A federal judge on Thursday blocked a new Texas law that would give police broad powers to arrest migrants suspected of illegally entering the U.S., rejecting Republican Gov. Abbott’s immigration enforcement effort. The preliminary injunction pausing the law came as President Joe Biden and his likely Republican challenger in November, Donald Trump, were visiting distinct areas of the Texas-Mexico border.

Federal law already prohibits the unauthorized entry of migrants into the U.S. But Republicans in Arizona and Texas say that the U.S. government is not doing enough and they need additional state powers.

Hobbs “has declared on numerous occasions her disapproval for the lawlessness caused by the federal government’s open border policies,” said Arizona Sen. Janae Shamp, who sponsored the state border control bill. “Now is her chance to protect the citizens of Arizona by signing.”

Hobbs confirmed Thursday she planned to veto the bills and said she recognizes that Arizonans are frustrated by the situation on the border.

“But passing job killing, anti-business bills that demonize our communities is not the solution,” she said. “Instead of securing our border, these bills will simply raise costs, hurt our farmers, put Arizona entrepreneurs out of business, and destroy jobs for countless working class Arizonans."

A separate Arizona bill that focuses on trespassing has raised eyebrows because of its author's stated intention that it could be used by farmers to legally kill people crossing their properties.

But the text of the bill does not mention migrants or the border, instead making a few changes in an existing law.

Republican Rep. Justin Heap used the example of a rancher defending his property from migrants when he said his bill would close “a loophole” in the earlier law that allows a property owner to use deadly force against someone inside a home but not elsewhere on the property.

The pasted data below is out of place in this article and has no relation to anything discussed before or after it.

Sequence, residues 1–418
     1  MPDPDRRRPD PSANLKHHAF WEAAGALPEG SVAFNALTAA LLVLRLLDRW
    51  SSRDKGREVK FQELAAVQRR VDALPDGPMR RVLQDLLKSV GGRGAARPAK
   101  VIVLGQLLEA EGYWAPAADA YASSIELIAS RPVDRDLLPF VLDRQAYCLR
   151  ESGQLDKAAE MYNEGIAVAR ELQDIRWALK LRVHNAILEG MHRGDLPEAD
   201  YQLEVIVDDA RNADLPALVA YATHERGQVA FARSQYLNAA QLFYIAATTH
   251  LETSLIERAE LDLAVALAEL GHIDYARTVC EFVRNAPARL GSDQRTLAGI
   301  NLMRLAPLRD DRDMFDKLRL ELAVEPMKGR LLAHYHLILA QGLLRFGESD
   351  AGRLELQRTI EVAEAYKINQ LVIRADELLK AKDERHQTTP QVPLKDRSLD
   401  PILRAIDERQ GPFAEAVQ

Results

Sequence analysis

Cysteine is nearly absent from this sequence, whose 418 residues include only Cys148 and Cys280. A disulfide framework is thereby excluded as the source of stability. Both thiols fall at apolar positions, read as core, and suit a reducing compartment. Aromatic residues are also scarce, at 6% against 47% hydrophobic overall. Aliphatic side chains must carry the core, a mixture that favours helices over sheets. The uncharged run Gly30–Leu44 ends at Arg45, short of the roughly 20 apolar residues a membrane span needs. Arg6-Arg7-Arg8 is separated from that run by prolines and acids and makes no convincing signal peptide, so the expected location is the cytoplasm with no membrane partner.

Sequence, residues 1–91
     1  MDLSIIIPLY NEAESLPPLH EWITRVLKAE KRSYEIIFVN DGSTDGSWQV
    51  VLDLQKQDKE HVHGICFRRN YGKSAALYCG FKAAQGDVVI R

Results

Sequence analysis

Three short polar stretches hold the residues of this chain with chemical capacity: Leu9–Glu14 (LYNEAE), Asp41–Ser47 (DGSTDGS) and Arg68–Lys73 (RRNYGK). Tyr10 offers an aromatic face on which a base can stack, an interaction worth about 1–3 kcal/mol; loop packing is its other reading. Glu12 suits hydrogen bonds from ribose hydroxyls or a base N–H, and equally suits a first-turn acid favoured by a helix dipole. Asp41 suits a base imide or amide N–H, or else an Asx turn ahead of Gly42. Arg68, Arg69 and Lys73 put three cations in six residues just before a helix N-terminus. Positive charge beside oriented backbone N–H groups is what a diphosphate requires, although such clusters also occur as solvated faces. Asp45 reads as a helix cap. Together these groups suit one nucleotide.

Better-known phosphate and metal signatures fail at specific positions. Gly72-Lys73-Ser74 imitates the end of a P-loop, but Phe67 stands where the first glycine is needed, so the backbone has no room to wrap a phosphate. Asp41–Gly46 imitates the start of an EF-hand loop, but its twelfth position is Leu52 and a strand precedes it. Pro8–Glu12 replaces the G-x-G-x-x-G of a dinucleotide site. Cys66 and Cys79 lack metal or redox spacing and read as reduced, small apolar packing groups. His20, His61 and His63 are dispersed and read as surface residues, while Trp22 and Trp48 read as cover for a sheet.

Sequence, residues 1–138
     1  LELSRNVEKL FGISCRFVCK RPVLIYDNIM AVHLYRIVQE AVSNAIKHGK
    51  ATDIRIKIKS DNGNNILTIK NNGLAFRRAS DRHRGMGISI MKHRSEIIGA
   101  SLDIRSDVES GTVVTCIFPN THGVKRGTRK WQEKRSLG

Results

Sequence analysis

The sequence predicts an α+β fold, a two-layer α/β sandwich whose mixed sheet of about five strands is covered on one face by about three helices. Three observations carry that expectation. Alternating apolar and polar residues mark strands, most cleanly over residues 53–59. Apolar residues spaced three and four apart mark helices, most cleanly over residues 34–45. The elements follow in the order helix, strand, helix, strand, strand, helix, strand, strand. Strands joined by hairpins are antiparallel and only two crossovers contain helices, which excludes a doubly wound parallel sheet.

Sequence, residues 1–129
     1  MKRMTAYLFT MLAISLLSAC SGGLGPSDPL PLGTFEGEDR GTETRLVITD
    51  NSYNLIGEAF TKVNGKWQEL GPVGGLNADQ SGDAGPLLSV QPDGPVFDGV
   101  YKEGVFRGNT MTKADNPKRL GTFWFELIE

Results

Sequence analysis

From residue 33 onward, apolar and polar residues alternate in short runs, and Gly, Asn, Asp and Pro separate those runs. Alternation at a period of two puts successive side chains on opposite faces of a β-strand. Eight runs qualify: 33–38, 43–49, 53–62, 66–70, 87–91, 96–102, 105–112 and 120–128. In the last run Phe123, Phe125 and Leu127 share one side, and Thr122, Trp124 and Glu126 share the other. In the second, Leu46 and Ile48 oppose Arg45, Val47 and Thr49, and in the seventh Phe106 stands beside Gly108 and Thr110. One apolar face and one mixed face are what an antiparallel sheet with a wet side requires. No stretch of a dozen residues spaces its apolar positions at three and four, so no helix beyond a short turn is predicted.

“We are seeing an increasingly larger number of migrants or human traffickers moving across farm and ranchland,” Heap told a committee hearing earlier this year.

His statement brought to mind one case in which border rancher George Kelly faces trial later this month in the fatal shooting of a migrant on his Nogales area property.

Abbott said in an interview with a conservative commentator earlier this year that his state was doing everything to stop migrants from crossing the border illegally short of shooting them “because of course the Biden administration would charge us with murder.”

This isn’t the first time Republican lawmakers in Arizona have tried to criminalize migrants who aren’t authorized to be in the United States.

When passing its landmark 2010 immigration bill, the Arizona Legislature considered expanding the state’s trespassing law to criminalize the presence of immigrants and imposed criminal penalties.

But the trespassing language was removed and replaced with a requirement that officers, while enforcing other laws, question people’s immigration status if they’re believed to be in the country illegally.

The questioning requirement was ultimately upheld by the U.S. Supreme Court despite the racial profiling concerns of critics, but courts barred enforcement of other sections of the law.

The law touched off a national furor with supporters calling for similar legislation for their own states and detractors calling for an economic boycott of Arizona.

Several other Arizona immigration laws have been thrown out by courts over the years.